China announces restrictions on trade with North Korea
This is a move in line with new United Nations sanctions on Pyongyang. The Security Council unanimously passed a resolution in early March expanding U.N. sanctions aimed at starving North Korea of funds for its nuclear and ballistic missile programmes after Pyongyang conducted a fourth nuclear test in January and launched a long-range rocket in February.
The mining sector is a key part of North Korea's economy, which is already largely cut off from the rest of the world. Experts believe revenue from the sector helps underwrite North Korea's military expenditures.
The ministry said it would also ban coal shipments from North Korea, although it made exemptions consistent with sanctions, including uses intended for "the people's well-being" and not connected to nuclear or missile programmes.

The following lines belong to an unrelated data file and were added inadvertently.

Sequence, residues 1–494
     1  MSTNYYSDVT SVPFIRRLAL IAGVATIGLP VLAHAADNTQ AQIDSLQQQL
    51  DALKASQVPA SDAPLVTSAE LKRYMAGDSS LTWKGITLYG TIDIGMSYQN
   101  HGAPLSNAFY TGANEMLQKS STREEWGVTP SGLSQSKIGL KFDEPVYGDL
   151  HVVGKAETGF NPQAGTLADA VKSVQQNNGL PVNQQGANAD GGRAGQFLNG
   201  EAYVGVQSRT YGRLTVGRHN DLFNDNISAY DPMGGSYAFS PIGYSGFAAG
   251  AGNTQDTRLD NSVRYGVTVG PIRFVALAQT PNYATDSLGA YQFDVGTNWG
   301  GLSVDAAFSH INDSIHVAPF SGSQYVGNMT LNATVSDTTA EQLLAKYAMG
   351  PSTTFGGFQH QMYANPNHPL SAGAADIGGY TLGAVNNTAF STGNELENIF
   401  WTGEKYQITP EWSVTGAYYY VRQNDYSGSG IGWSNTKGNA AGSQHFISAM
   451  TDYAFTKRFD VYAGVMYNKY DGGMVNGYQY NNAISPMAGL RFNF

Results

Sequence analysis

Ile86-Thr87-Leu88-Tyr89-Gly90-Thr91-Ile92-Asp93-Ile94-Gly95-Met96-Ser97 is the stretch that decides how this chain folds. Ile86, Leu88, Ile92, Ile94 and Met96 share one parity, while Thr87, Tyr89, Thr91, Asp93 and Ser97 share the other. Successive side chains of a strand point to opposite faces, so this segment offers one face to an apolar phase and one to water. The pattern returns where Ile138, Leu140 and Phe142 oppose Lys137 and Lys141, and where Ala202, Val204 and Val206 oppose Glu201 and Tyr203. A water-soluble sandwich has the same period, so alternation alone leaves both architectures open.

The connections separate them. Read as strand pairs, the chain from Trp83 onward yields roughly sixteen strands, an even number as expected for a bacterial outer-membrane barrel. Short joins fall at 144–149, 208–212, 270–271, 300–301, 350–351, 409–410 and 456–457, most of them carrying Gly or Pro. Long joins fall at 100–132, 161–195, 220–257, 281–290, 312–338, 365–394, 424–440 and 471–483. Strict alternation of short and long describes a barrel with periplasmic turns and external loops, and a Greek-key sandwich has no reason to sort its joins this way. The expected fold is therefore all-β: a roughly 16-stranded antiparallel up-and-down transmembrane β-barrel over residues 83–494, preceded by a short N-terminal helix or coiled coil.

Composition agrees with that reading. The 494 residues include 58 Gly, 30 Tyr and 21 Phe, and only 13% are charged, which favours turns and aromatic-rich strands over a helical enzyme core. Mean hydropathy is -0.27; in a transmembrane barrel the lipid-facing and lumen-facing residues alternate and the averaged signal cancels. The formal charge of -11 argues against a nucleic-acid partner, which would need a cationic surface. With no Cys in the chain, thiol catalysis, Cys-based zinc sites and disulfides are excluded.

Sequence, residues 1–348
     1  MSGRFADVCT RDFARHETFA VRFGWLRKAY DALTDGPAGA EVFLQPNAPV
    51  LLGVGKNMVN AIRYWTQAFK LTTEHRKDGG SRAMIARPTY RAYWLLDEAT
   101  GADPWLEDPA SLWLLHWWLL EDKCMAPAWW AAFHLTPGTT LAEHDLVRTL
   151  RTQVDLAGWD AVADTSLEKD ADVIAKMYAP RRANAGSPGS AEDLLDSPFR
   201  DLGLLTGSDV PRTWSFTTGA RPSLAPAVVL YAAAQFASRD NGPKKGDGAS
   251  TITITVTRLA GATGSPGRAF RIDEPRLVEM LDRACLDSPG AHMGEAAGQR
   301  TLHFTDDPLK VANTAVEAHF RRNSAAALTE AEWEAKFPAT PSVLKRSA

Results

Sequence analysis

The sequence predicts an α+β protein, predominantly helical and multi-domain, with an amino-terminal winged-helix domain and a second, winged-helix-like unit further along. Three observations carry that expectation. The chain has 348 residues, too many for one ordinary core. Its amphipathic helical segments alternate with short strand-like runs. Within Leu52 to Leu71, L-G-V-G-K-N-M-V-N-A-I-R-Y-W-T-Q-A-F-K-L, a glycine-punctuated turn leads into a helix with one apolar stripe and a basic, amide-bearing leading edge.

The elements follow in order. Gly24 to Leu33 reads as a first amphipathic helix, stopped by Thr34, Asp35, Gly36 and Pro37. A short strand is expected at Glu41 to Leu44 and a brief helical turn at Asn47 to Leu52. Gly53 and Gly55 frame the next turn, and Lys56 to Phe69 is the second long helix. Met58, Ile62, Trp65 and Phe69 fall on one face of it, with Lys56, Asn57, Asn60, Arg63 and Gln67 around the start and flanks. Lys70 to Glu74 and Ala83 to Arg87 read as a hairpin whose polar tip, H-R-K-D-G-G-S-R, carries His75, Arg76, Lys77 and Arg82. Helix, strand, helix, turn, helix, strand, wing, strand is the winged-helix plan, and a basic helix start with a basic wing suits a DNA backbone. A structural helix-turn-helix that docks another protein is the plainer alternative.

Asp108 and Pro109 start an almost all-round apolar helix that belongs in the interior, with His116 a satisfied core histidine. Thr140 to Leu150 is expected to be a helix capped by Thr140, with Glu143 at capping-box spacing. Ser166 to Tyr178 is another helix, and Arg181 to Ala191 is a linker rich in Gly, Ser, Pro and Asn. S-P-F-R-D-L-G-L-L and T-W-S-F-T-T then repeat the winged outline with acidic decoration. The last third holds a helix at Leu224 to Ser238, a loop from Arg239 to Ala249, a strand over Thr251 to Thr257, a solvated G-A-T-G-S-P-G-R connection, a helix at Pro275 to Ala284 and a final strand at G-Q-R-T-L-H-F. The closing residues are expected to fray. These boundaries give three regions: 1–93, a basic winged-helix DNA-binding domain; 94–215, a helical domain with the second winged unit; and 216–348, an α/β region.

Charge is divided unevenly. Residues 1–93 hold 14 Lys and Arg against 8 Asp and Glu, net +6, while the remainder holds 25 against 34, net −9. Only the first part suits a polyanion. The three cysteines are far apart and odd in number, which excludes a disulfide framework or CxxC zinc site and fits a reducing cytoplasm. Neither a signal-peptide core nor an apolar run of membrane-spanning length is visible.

North Korea delivered around 20 million tonnes of coal to China last year, up 27 percent on the year, overtaking Russia and Mongolia to become China's third biggest supplier, behind Australia and Indonesia.
An exception was made for coal originating in third countries and supplied via North Korea's port of Rason. Landlocked Mongolia, looking for alternative supply routes for its commodities, has already signed an agreement with the port that gave its exporters preferential treatment. ■